AHIP Institute 2014: The Year of the Consumer

By Michelle Snyder

The perfect conditions to discuss the future of healthcare: a comfortable 70 degrees in Seattle, a great coffee store on every corner and some of the most innovative healthcare companies (including our clients & partners) - all in one place! Needless to say Welltok was in good company at 2014 AHIP Institute. On my flight home, I was looking over the agenda thinking about how far the healthcare industry has come in a few short years - but also how far we still have to go.

I was inspired by sessions devoted to the consumer: “What are Consumers Telling You?”, “The Future of Healthcare in a Consumer World”, “Connecting the Consumer Experience” “Behavior Change and Engagement”. I could go on and on but you get the point. Health plans are finally waking up from its slumber and focusing more on the needs and wants of consumers and creating “memorable” and “meaningful” consumer experiences.

There were two topics from AHIP that struck a particular chord with me.

1. 70% of consumers do not think they have an issue with their health and do not need to change their behaviors.

Given the fact that 78 million Americans are pre-diabetic and over a third are overweight, trying to engage with these consumers will be a challenge. Smart companies are beginning to rethink their messaging about health improvement. Being ‘more fit’ will simply not resonate with a large segment of the population - it needs to be tied back to what being healthier lets you do: play with your grandchildren, ride your mountain bike, hike up a mountain with your spouse when you are 80, etc.

2. The biggest predictor of whether someone will be interested in improving their health is the degree to which they can delay gratification.

This reminded me of the infamous Stanford marshmallow experiment conducted in the 1960’s with preschoolers - it made perfect sense. Children who were able to say ‘no’ to the marshmallow while the educator left the room, were shown to be the most successful later on in life. According to consumer research presented at AHIP, adults who can delay gratification and have a more future-oriented mindset (as measured by the degree to which they engaged in financial planning) are more likely to care about improving their health and make choices that do not have an immediate impact. Eating one marshmallow now vs. getting a full bag later. Companies that can segment these consumers, can better understand their motivational state or behavioral profile and develop more targeted messaging, thus increasing more meaningful engagement – it’s pretty simple.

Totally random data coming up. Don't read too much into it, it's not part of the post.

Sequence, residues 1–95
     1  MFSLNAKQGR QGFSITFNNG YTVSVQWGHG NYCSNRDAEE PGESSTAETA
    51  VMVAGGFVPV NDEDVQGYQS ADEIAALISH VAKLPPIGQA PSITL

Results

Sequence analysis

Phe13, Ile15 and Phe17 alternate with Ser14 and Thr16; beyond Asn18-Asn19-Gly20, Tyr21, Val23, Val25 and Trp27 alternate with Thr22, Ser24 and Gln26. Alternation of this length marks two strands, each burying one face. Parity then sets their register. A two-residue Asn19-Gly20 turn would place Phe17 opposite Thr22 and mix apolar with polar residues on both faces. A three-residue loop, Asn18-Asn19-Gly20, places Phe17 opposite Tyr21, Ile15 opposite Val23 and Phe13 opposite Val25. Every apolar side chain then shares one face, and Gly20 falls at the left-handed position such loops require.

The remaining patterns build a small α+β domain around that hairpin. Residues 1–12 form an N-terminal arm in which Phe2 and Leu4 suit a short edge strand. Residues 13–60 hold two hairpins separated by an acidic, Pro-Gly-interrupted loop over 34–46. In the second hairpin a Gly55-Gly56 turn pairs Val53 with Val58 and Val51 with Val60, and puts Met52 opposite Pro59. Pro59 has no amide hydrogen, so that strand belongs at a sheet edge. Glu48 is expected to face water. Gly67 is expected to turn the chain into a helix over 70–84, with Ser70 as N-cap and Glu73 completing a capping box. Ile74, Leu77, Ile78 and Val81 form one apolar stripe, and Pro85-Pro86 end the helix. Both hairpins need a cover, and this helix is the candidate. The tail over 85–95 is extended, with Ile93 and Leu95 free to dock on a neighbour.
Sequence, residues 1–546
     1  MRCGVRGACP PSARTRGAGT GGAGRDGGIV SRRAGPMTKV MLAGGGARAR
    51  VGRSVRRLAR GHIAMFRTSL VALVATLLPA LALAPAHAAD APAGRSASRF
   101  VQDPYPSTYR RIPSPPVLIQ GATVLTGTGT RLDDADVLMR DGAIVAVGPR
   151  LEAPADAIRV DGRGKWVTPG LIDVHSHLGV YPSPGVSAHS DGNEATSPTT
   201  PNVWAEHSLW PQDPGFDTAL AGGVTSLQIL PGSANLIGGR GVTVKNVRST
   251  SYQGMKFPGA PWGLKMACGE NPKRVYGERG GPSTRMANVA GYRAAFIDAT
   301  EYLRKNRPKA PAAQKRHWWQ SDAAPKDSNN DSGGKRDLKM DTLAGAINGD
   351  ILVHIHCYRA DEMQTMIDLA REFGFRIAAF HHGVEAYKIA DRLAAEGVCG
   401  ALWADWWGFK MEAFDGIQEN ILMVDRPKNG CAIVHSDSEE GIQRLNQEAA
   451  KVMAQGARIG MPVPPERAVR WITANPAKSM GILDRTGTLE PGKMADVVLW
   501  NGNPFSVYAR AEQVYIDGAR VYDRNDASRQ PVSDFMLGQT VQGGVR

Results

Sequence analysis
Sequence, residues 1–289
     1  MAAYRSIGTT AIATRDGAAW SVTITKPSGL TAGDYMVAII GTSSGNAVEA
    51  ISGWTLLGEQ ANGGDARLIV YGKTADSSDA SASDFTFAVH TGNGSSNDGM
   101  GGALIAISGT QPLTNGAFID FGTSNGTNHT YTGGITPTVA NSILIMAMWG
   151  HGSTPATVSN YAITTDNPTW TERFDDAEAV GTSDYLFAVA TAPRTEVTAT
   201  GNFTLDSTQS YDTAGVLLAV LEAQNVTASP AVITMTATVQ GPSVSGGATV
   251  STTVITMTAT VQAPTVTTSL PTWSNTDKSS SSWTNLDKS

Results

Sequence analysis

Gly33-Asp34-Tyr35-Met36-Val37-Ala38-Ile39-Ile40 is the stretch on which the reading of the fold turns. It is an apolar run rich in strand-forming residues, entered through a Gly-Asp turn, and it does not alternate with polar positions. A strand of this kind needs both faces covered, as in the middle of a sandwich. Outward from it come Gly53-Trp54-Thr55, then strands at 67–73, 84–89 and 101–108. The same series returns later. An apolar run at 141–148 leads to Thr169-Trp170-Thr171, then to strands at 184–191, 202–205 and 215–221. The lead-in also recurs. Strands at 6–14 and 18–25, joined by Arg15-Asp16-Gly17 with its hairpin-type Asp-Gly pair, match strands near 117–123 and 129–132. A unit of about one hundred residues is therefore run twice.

This only strengthens AHIP’s prediction that 2014 is “The Year of the Healthcare Consumer” - we are in a new era of healthcare where the consumer takes center stage. I look forward to next year’s AHIP Institute to see how these themes and the industry have progressed. My hope is that we will see fewer sessions on the need to engage consumers and more sessions on comparing the effectiveness of different engagement programs and channels as an outcome of engaging the consumer. To make a difference in healthcare, we need to do more than reshape the system around the consumer - we need to understand their individual motivations to get them to take action. Until then, I must get back to my four-year-old and the bag of marshmallows I bought yesterday – Harvard here we come!